Solar and Batteries are Knocking on Utilities’ Door – Part 2

solar-panelsRock Creek, Montana     Bill McKibben, professor and environmental advocate, most notably through 350.org, wrote an interesting piece in The New Yorker, making the case that we are on the verge of the big leap to solar and, essentially arguing that utilities are standing in the way of systemic change. Solar, wind, and other renewables are increasingly able to provide the power, costs are plummeting, batteries are improving, and the monopoly utility cost and financing structure and their resistance to change are now the essential stumbling blocks according to McKibben.

The heart of his argument is “…that innovation, energy-saving and energy-producing technology is now cheap enough for everyday use.” Significantly the story line behind this is what he bills as a regular working class house for a regular working class family in Vermont. The Canadian-owned Green Mountain Power had financed an energy makeover for a family with new insulation, heat pumps for the water heater and to warm the house, solar panels on the garage, and LED light bulbs. The family reduced the “energy footprint of their house by eighty-eight per cent in a matter of days, and at no net cost.”

McKibben is on solid ground on the declining price of solar panels. He notes that “price has dropped ninety-nine per cent in the past four decades, and roughly seventy-five per cent in the past six years.” I’m on record as a believer in their ability from my experience on the receiving end on Rock Creek. Most of the rest of the piece was his effort to establish that utility companies are in “a death spiral,” as their industry trade group, the Edison Electric Institute, has warned, and that they need to change or be made to change. His exact words “are waiting for someone to tell them what to do.” By that he means all of us as customers or the government.

McKibben’s view of black and white, good and evil is appealing, and god knows we’re on his side, but a careful reading really establishes that we are close, but not quite there, and part of the problem is plainly the economics still aren’t there as Melanie Cranston detailed in her current article running in Social Policy. The “biscuit cookers” as the old Arkansas energy czar Witt Stephens used to call utility customers are subsidizing the upper income users who have made the shift in places like California for line use, peak demand access, and all back up supply. Indirectly, McKibben even furnishes a good example of how close the cost factors really are for both customers and wannabe renewable users and the utilities. Arizona utility regulators approved a minimal $5 per month user connection fee for customers converting to solar, 90% less than Arizona Public Services (APS) had requested, and the numbers still worked for companies like Solar City who were installing the panels. The Salt River Project, which is also in Arizona unilaterally put a $50 per month charge on solar users, and the installers moved elsewhere because the numbers didn’t work. McKibben doesn’t explain that Salt River is not under the Arizona Public Service Commission because it is an operation more along the lines of the TVA, more public, than private.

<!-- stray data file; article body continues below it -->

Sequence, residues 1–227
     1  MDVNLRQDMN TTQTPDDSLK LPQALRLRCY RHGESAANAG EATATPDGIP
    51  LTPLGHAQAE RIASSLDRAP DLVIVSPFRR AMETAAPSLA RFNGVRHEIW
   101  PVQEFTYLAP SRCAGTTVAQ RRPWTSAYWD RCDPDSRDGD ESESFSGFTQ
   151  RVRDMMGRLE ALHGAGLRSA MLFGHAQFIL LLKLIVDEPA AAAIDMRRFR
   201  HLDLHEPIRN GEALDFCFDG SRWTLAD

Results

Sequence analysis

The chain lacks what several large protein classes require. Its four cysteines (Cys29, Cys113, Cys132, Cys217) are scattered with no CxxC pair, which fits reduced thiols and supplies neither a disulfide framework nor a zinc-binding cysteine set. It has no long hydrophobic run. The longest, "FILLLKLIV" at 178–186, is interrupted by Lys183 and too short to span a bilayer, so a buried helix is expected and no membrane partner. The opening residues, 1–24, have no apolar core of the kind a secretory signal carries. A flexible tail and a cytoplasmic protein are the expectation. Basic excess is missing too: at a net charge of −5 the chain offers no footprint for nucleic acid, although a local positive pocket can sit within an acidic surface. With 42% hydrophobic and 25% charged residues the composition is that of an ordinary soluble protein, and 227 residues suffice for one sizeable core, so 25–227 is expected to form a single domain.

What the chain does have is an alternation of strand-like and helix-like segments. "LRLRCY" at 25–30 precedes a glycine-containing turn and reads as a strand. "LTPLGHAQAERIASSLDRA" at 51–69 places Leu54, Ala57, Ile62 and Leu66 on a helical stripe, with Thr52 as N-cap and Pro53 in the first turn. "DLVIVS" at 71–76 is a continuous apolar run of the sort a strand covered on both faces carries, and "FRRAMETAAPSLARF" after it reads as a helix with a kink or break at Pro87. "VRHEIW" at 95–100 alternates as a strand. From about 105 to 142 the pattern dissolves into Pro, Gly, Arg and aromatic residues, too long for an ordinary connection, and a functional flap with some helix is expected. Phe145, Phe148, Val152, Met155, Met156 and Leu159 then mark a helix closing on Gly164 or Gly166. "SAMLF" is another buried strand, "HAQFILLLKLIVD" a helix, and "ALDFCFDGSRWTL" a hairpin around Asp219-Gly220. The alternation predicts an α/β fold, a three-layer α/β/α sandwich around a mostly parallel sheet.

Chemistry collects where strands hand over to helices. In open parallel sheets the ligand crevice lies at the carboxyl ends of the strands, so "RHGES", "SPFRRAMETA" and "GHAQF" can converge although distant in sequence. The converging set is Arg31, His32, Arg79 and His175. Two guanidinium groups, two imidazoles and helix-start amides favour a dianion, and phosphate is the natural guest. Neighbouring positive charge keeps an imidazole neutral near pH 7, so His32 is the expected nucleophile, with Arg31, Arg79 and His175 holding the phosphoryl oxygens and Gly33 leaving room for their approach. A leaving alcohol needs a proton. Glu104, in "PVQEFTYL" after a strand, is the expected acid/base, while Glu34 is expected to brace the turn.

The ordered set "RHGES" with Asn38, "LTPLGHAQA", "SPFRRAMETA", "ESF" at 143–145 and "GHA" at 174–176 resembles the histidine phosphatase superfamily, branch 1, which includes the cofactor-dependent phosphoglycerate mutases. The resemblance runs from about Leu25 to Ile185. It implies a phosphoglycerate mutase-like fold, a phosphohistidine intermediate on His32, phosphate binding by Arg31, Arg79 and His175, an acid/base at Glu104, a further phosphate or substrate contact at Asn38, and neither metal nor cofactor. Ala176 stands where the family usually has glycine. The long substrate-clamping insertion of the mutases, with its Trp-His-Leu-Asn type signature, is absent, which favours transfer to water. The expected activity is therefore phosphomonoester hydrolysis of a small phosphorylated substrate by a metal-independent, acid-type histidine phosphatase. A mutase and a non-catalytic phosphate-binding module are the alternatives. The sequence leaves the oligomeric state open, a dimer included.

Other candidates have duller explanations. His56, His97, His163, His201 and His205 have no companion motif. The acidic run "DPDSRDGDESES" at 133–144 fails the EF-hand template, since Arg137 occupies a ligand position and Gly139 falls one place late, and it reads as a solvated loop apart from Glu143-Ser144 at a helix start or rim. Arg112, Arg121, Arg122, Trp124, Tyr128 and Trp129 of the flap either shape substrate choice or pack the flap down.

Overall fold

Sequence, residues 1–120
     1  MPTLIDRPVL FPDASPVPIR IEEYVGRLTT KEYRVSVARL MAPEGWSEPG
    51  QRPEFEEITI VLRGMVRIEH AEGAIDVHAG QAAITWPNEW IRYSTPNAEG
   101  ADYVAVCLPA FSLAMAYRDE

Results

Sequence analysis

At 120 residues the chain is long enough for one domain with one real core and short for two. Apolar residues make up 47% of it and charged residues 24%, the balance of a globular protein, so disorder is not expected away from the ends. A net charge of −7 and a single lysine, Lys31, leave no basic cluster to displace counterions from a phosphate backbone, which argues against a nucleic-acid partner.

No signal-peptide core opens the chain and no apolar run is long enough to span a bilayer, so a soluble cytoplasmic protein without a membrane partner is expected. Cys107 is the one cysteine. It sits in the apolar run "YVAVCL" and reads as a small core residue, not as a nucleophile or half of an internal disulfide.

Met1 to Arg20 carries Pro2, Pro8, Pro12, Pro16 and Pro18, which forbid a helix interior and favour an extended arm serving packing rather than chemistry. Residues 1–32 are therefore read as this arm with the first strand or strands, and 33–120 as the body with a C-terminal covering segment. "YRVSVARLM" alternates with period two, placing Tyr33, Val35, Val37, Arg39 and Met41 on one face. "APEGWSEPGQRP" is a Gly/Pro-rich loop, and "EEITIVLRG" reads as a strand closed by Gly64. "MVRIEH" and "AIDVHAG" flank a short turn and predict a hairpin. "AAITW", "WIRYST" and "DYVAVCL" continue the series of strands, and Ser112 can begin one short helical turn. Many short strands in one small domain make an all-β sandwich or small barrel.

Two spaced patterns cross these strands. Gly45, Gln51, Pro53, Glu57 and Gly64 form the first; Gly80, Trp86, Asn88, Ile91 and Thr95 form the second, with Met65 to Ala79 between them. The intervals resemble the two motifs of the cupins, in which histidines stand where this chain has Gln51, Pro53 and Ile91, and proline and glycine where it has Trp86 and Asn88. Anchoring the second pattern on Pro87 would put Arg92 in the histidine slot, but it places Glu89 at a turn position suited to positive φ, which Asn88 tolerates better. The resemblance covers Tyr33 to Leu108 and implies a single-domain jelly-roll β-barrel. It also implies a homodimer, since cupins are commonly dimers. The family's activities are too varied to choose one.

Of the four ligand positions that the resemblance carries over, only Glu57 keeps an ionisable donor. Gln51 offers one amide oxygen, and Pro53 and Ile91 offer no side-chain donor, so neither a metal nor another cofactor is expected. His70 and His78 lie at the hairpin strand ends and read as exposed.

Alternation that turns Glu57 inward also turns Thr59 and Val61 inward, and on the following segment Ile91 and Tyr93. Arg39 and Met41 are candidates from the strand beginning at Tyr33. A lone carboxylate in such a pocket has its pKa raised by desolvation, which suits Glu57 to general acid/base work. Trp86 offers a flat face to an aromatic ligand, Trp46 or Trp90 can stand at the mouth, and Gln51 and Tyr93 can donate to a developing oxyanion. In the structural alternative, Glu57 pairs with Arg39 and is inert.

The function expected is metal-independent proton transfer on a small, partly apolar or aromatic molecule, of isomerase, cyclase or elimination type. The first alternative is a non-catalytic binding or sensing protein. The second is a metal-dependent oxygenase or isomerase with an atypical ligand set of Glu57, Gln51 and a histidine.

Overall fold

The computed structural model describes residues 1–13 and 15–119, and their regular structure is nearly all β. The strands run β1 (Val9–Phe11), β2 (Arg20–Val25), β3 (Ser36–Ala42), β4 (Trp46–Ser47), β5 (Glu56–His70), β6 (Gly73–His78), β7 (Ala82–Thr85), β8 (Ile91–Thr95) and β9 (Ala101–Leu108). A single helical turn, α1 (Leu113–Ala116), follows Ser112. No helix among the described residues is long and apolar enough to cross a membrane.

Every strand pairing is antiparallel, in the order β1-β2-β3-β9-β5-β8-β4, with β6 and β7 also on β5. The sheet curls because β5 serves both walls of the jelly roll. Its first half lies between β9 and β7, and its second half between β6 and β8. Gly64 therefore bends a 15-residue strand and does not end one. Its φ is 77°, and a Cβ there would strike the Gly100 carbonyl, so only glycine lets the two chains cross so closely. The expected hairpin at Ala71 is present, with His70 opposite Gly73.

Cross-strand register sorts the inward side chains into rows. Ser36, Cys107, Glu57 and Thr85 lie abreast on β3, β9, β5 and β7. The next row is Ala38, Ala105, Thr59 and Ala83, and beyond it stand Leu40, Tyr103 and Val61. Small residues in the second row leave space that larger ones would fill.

Utilities have not sufficiently earned the trust of most customers that is adequate to allow them to control demand within a customers’ home which is part of the quid pro quo on the Vermont story, along with liberal financing from the utility, which is also not something being offered or incentivized in much of the country, including the “sunny” belt of the South. For lower income and working families especially it is not enough to find that there is “no net cost” in this kind of wholesale conversion to a new technology. There needs to be a real savings, and if there’s not a substantial savings then there has to be a program from somebody somehow that shoulders the transition costs for the user.

When the economics are so tight on the conversion that a regulatory swing of $500 like in Arizona makes the whole solar project collapse, the ice is just too thin still for most people. Sadly, I know they are for me. I also know the politics of too many Southern and Western states, the legal requirements binding the regulatory bodies, the power of utilities during the legislative sessions, and how few of the regulators are elected these days. $5 today could be $50 tomorrow or $100, and that doesn’t work, especially when energy is still relatively cheap in the USA for most people. I’m not even sure I know what to make of David Crane of NRG, “the country’s biggest independent power provider,” as McKibben calls them, and his statement about eight per cent of a family “disposable income.” Why did he use the word “disposable?” Did we just reduce overall income to a lower subset to boost energy expenditures up to 8%? And, when Crane says “on all forms of energy,” does that include what we pay at the pump to put our cars and trucks on the road for work and whatever?

McKibben is right and on the side of the angels here, and his advocacy resonates with what we need to achieve climate change and environmental health, but short term low and moderate income people can’t make the leap across the divide until the money is right, and the figures, unfortunately, are still way too tight. The clock is ticking, but a lot of us are going to have to wait until the savings are on our side just because our wallets are lighter than our energy bills, no matter how much we hate our utility companies and would like to let the sun shine our systems.

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